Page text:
Chloé Potier, Vincent Laprevote, Françoise Dubois-Arber and al., Supervised injection services: what has been demonstrated? A systematic literature review, Drug and Alcohol Dependence, 23 October 2014.

SISs have largely fulfilled their initial objectives without enhancing drug use or drug trafficking. Almost all of the studies found in this review were performed in Canada or Australia, whereas the majority of SISs are located in Europe. The implementation of new SISs in places with high rates of injection drug use and associated harms appears to be supported by evidence. [Résumé en français]

Supervised Injection Sites: A Bibliography, Canadian Centre on Substance Abuse, Novembre 2013.

Tara Marie Watson, Carol Strike, Gillian Kolla ans al., Design considerations for supervised consumption facilities (SCFs): Preferences for facilities where people can inject and smoke drugs, International Journal of Drug Policy, Volume 24, Issue 2, Pages 156-163, March 2013.

People who use drugs see SSFs as offering public health and safety benefits, while other stakeholders were more sceptical about the need for SSFs. People who use drugs provided insights into how a facility might be designed to accommodate supervised injection and supervised smoking. Their strongest preference would allow both methods of drug use within the same facility with some form of physical separation between the two based on different highs, comfort regarding exposure to different methods of drug administration, and concerns about behaviours often associated with smoking crack cocaine. Other stakeholders raised a number of SSF implementation challenges worthy of consideration.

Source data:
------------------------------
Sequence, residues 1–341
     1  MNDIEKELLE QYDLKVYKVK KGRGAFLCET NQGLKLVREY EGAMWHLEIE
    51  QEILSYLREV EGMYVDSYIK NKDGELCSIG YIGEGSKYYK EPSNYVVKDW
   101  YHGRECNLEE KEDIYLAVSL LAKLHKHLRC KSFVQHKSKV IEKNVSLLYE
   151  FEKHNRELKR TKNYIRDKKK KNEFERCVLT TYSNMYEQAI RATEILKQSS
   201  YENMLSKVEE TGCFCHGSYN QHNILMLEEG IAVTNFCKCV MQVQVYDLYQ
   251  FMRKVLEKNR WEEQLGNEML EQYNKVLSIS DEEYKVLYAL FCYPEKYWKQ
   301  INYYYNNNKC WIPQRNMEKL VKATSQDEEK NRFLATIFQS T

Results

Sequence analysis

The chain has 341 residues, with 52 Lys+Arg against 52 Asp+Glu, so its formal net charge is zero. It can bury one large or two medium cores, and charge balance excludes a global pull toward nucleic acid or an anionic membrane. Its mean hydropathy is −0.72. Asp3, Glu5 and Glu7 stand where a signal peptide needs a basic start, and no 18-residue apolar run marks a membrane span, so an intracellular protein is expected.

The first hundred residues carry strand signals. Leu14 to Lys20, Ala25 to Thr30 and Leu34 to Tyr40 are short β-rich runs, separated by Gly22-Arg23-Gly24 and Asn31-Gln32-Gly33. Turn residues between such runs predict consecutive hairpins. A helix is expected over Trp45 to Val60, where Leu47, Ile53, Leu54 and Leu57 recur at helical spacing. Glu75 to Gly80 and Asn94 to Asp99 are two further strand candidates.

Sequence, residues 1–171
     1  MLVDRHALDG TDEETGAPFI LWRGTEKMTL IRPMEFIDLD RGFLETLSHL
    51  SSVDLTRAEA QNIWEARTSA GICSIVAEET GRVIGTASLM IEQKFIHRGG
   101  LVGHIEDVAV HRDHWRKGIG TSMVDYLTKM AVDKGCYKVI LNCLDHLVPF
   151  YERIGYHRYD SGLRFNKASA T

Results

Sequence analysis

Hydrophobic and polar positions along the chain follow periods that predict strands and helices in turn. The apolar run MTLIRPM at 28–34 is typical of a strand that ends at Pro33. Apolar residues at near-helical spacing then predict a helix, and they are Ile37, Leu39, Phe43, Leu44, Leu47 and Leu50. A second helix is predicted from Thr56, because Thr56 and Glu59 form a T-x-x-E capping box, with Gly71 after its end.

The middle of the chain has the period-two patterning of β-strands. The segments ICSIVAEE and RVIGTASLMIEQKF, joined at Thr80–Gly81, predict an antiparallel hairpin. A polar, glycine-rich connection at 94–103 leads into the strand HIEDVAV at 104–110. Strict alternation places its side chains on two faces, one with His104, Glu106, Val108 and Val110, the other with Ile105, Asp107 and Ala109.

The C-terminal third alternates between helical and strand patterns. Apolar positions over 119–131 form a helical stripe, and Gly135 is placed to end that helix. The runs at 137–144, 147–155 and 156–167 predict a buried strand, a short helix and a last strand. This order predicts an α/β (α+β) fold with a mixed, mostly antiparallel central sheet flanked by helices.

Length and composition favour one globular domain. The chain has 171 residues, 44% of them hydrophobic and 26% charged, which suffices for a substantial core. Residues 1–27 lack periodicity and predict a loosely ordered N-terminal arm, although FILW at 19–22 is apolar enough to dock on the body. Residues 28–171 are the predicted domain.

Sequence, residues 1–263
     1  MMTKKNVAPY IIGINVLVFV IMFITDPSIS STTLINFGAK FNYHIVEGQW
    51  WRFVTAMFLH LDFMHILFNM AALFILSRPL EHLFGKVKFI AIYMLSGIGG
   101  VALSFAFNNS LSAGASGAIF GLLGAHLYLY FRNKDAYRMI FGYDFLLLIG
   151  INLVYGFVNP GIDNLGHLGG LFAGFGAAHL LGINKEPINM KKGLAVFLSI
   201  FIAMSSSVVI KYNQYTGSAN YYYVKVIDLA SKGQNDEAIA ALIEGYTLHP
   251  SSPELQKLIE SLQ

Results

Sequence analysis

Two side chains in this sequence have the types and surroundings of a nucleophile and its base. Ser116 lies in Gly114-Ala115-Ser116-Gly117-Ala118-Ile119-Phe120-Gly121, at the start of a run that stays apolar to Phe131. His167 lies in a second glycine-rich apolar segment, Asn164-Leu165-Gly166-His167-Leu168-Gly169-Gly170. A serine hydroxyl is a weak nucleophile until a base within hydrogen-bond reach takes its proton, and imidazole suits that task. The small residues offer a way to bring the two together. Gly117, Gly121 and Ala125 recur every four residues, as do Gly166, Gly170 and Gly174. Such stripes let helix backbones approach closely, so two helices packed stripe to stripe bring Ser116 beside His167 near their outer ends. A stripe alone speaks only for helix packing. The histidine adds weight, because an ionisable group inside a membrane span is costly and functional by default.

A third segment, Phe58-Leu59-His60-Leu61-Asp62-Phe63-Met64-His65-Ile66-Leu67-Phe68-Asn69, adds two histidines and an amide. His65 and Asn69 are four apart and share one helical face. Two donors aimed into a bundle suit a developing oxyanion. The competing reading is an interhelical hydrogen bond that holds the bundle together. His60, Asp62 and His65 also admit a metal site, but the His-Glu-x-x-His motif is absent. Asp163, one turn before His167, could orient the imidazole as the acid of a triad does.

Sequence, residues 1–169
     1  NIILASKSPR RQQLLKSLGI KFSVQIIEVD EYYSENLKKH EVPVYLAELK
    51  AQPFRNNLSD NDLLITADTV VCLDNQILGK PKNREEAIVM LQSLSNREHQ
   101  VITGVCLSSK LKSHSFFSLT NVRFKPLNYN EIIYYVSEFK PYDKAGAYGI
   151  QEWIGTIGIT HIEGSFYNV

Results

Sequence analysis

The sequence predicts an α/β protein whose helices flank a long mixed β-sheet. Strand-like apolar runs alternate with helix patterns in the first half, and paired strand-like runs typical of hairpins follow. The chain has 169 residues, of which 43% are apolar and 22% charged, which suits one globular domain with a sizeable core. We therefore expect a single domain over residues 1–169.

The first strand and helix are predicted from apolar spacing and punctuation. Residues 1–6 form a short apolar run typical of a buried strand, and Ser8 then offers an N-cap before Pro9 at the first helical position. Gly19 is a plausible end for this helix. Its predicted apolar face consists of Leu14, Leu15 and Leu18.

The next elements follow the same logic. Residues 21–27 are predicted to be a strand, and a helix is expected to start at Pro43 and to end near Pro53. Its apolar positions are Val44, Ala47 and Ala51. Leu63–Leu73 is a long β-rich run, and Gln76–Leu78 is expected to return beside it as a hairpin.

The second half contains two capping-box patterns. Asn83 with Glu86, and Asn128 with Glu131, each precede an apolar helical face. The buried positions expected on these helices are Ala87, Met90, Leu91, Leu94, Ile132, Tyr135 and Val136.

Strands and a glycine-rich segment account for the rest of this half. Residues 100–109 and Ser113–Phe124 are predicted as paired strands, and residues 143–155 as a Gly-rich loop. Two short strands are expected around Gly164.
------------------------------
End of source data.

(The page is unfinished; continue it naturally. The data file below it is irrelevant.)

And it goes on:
Supervised Injecting Facilities – Annotated Bibliography, DPMP, January 2013.

Melissa de Vel-Palumbo, Francis Matthew-Simmons, Marian Shanahan & Alison Ritter, Supervised Injecting Facilities: What the literature tells us, DPMP, Bulletin No.22, January 2013.

The Drug Policy Modelling Program has prepared an annotated bibliography of published research concerned with Supervised Injecting Facilities, as at April 2012. We hope it will provide a useful resource for policy makers, clinicians and researchers interested in gaining an overview of the literature on this topic.

Melissa de Vel-Palumbo, Francis Matthew-Simmons, Marian Shanahan & Alison Ritter, Supervised Injecting Facilities: What the literature tells us, DPMP, Bulletin No.22, January 2013.

The Drug Policy Modelling Program has prepared an annotated bibliography of published research concerned with Supervised Injecting Facilities, as at April 2012. We hope it will provide a useful resource for policy makers, clinicians and researchers interested in gaining an overview of the literature on this topic.

Astrid Leicht, Xavier Majó i Roca and M. Teresa Brugal, Mobile safe injecting facilities in Barcelona and Berlin, International Journal of Drug Policy, 23 (2012), Editorial p. 257–260.